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Market News

 July 11, 2007
Report: U.K. Can Go Carbon Free in 20 Years

 Wales, UK -- Say goodbye to gas-powered cars, most air travel and even cheap -- or readily available -- meat.

Zerocarbonbritain, a radical new report released Monday, says these steps and others are needed to help Britain eradicate its carbon emissions during the next 20 years.

"Zerocarbonbritain is scientifically necessary, socially possible and technically achievable - we must now make it politically thinkable," said Paul Allen, co-author of the report and development director of the Center of Alternative Technology, which produced it.

Years of easily assessable fossil fuels have resulted in Britain becoming "energy obese," where far more energy is used than what is actually needed for well-being, the report said.

Its strategy calls for cutting Britain's energy needs in half during the next 20 years. The country could become a self-sustaining "Island Britain" in terms of energy use.

But first, it would have to "power down," an extreme process that involves trading gas-powered cars almost entirely for electric cars that would tap into and from a national grid.

Rail and bus service would improve while domestic air travel could get restricted to emergency use only. International flights would have to pay their full carbon costs through a carbon quota system.

A policy of tradable energy quotas, or a national cap-and-trade scheme for greenhouse gases, should cover all sectors of society, the report suggests.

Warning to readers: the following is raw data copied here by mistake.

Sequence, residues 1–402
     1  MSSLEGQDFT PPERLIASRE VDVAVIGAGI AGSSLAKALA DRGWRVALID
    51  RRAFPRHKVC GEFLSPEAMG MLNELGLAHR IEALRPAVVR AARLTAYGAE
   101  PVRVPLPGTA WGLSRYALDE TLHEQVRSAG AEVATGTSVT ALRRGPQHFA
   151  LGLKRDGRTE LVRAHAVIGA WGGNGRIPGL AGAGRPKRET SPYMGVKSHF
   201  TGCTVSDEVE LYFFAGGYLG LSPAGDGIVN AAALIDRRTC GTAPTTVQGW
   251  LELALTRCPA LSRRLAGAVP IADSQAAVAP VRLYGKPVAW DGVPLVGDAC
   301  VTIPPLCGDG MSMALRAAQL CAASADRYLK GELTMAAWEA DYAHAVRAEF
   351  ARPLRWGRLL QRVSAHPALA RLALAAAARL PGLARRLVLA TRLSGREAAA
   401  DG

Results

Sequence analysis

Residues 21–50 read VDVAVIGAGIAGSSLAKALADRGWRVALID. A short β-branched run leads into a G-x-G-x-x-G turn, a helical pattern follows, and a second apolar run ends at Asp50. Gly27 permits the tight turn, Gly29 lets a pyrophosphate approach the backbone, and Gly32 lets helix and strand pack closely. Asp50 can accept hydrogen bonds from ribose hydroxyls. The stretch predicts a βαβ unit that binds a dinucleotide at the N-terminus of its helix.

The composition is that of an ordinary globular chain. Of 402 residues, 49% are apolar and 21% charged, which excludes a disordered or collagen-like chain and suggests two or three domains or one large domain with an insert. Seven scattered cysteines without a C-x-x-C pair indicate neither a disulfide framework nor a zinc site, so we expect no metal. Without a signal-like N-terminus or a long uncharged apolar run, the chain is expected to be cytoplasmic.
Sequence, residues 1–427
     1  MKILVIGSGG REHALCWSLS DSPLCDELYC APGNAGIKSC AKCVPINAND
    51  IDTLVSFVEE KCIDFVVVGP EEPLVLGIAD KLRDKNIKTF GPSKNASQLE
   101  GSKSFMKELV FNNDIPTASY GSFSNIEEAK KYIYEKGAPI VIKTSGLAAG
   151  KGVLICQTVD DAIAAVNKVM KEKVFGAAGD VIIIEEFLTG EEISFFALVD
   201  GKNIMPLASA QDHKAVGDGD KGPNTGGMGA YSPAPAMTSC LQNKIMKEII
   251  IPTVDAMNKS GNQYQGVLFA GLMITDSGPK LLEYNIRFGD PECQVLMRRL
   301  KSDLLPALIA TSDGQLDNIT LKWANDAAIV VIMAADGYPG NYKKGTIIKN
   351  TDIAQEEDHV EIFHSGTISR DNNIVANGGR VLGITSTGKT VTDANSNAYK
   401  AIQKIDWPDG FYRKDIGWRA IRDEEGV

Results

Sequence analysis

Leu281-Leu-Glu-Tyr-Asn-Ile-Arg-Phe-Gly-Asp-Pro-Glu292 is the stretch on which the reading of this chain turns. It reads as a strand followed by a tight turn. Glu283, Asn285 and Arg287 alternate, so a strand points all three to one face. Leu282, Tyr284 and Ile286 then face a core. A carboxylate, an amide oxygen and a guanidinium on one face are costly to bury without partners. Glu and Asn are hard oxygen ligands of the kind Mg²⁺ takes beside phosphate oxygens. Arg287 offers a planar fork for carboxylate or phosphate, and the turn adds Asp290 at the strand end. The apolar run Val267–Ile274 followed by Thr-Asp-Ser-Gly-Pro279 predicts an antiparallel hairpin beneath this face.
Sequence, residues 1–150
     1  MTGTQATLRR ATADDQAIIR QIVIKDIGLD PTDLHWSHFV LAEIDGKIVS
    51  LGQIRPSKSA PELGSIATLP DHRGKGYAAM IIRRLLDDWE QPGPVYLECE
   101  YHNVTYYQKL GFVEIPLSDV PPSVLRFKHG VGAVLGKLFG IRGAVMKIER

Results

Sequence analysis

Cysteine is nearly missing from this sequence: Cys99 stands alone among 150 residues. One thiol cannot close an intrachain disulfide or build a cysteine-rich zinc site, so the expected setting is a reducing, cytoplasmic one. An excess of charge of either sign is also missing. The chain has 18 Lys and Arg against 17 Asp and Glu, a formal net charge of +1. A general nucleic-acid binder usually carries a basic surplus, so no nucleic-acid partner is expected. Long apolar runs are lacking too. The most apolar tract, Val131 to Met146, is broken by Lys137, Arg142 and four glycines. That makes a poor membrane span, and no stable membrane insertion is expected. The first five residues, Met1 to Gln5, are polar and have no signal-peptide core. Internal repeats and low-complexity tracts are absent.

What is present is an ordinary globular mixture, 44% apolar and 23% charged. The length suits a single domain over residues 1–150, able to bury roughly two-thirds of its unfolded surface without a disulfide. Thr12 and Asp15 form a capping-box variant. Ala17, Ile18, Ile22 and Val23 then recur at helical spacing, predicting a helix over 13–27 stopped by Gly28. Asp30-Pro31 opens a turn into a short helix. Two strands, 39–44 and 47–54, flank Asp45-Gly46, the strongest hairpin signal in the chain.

When the quotas are used, individuals and businesses must adapt without the fossil fuels -- such as gasoline for their cars -- or buy shares from elsewhere at market price. Switching to energy efficient appliances or insulating homes are recommended adjustments for helping people live within their new carbon-quota means.

New buildings would be carbon free beginning in 2012, while heat demand for buildings would drop by half and electricity demand decrease by 10 percent, the report said.

The drop in energy demand would give renewable energy sources a better of chance of meeting market needs.

Energy generated by wind, solar and marine sources would feed into the national grid to be stored and shared among the country's various regions.

Slashing Britain's carbon emissions also would impact the country's food system, which would shift to a mostly organic agricultural system with an emphasis on local distribution.

The report calls for a drop in livestock by 60 percent or more, which would have a great impact on the eating habits of the country's citizenry. The land used for livestock cultivation would shift to forestry and biomass crops.

Rich countries -- the world's worst polluters -- would have to assist poorer nations in developing sustainable economies.

A global carbon budget would be drawn, with each developed country getting a share that would shrink each year. Poorer countries would get temporarily rising shares to support their development or sell to wealthier nations to generate revenue for clean technology investment. At an agreed upon date, the two levels of carbon shares would converge.

For the complete study, visit http://www.zerocarbonbritain.com/.